The reason I built it on a frame is so that the corners would stay square. Otherwise, plywood can tend to warp. This way, also, everything can be held together by screws and therefore broken down easily into pieces.
Step 4: Make the air bladder
A simple balloon, beach ball or even a garbage bag could replace. Check out this website for different types of large-sized balloons.
Step 5: Combine electronics with main unit. Install Check Valve and Pump
We only want air to go one way, and not come out the other direction, so we use something called a "check valve". The basic principle is that a hinged door, rubber diaphragm or ball is displace by air going one way, but then prevents the air from going back.
I bought my check valve on McMaster Carr's website; More specifically it's called a PVC Swing-check valve. I'm using the 1" diameter one. This one was attractive to me because of it's extremely low "cracking pressure", or the pressure needed to displace the barrier. < 0.1 psi !!
I used a simple garden hose to run from the pump, to the check valve, then from the other side of the valve into the balloon. The fittings are coupled and sized properly, and I used some glue to further secure them, and prevent any air leaks...
Step 6: Build carrying case, Sew handle.
Again, you may follow the diagram I've provided and find measurements on how to build the carrying box. Or you may choose to make your own, unique version, or improve upon my own. I modeled mine after various kinds of medical, patient monitoring devices.
I spliced an RCA cable in between the circuit and the sensor/chest strap (Steps 7 & 8) so that it can easily plug in and out of the box. I chose RCA cable because it's a simple way to have two stranded wires, packaged nicely with an easy to plug/unplug header. I slipped the RCA cable into a length of latex tubing, for aesthetic reasons.
Step 7: Build and Program circuit for sigh detection. Assemble electronics into carrying case.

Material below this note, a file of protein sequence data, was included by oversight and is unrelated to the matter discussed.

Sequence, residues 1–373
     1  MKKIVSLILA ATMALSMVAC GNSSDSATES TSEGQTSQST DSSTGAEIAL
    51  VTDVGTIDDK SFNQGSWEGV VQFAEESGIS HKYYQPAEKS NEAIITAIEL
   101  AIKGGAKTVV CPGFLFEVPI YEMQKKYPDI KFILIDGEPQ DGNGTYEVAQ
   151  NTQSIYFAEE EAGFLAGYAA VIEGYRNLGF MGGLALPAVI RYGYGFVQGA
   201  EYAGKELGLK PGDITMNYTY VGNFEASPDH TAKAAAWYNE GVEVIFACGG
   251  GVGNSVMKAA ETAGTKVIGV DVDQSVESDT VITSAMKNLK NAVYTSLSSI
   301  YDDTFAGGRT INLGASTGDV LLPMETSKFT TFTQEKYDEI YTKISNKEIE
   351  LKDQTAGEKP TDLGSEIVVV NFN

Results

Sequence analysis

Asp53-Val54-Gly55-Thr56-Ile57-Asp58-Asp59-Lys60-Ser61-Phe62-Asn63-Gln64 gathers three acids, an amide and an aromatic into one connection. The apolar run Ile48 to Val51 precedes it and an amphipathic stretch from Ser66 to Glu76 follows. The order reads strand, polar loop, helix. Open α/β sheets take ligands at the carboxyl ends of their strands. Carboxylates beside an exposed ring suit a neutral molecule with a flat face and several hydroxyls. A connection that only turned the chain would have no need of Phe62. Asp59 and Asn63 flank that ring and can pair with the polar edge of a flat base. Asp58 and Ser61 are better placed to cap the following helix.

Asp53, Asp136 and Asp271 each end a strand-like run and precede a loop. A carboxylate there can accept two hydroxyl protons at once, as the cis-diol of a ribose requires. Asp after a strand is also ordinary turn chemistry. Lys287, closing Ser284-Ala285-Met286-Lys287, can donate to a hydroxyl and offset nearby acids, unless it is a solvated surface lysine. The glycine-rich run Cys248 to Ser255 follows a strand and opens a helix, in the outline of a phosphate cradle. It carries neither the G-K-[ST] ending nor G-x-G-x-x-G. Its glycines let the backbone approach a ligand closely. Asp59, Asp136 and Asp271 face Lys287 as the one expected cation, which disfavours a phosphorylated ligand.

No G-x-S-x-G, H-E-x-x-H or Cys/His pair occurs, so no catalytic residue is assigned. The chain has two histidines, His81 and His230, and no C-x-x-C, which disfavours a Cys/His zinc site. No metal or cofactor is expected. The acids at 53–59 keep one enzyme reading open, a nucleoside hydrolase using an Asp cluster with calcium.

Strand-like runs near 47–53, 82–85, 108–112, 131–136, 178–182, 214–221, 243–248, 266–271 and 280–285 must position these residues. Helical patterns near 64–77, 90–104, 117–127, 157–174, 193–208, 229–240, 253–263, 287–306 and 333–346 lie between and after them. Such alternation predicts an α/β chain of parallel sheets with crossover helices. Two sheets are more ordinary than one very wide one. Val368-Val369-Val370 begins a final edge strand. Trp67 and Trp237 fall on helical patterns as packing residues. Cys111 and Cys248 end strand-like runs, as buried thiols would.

Program the Arduino with the provided code.
To monitor breathing, we will be making a chest strap that is outfitted with a stretch sensor. The expansion and contraction of the chest will provide us with data that we can use, in code, to extrapolate what normal breathing is, and therefore determine with a larger than usual inhalation (followed by large exhalation) is. A 10 or 20K potentiometer will be used to dial in a threshold value, which will represent how large of an inhalation is associated with a sigh.
I purchased my stretch sensor from Merlin Robotics, a company in the UK. They stock a variety of sizes. I'm using the 20cm sensor.
In my circuit, i'm amplifying the signal from the sensor with a resistor bridge and an OpAmp chip (see diagram). This is the method suggested by the manufacturer. You can find the datasheet on the internet. Note: I imagine a similar idea could be done with pressure sensor instead of a stretch sensor. You'd could attach the pressure point on the sensor to some kind of tubing and wrap that tubing around the chest.
Drill holes in the front face of the carrying case and attach the potentiometer, indicator LED, power switch and stretch sensor attachment (RCA, female) to it from the back before screwing the box back together.
I'm powering the Arduino with a 9V battery. I've got 2 of them wired in parallel so i'll get the same voltage, but double the amperage (it'll last longer).
Step 8: Cut and Sew chest strap and attach the stretch sensor.
You'll have to measure the length of strap to your individual body type. I sewed an extra strip of fabric around the strap, so the wires can safely sit inside. In the front, where the stretch sensor connection is, I sewed a 'sleeve' of fabric that would loosely cover the sensor so it wouldn't get rubbed or damaged.
In the back of the chest strap, I made a simple shape (like on a backpack) for tightening and loosening the strap. I had the shape laser-cut out of clear acrylic (see image), but you can make it any way you are able to.
Step 9: A word on Wireless
Through a combination of this website, and a chapter on xBee radio's in the book "Making Things Talk" (Tom Igoe), I implemented, possibly what is the simplest use of these radios, which are actually quite powerful.
I got my adapters and xBees (+ the appropriate cable) from here.
Instructions on configuring the xBees are here.
The only thing i'm not going into is how to configure the xBees. I did it very easily (on a mac) by transcribing some code from Igoe's book that uses Processing to create a simple terminal for programming the xBee. That code is on page 198.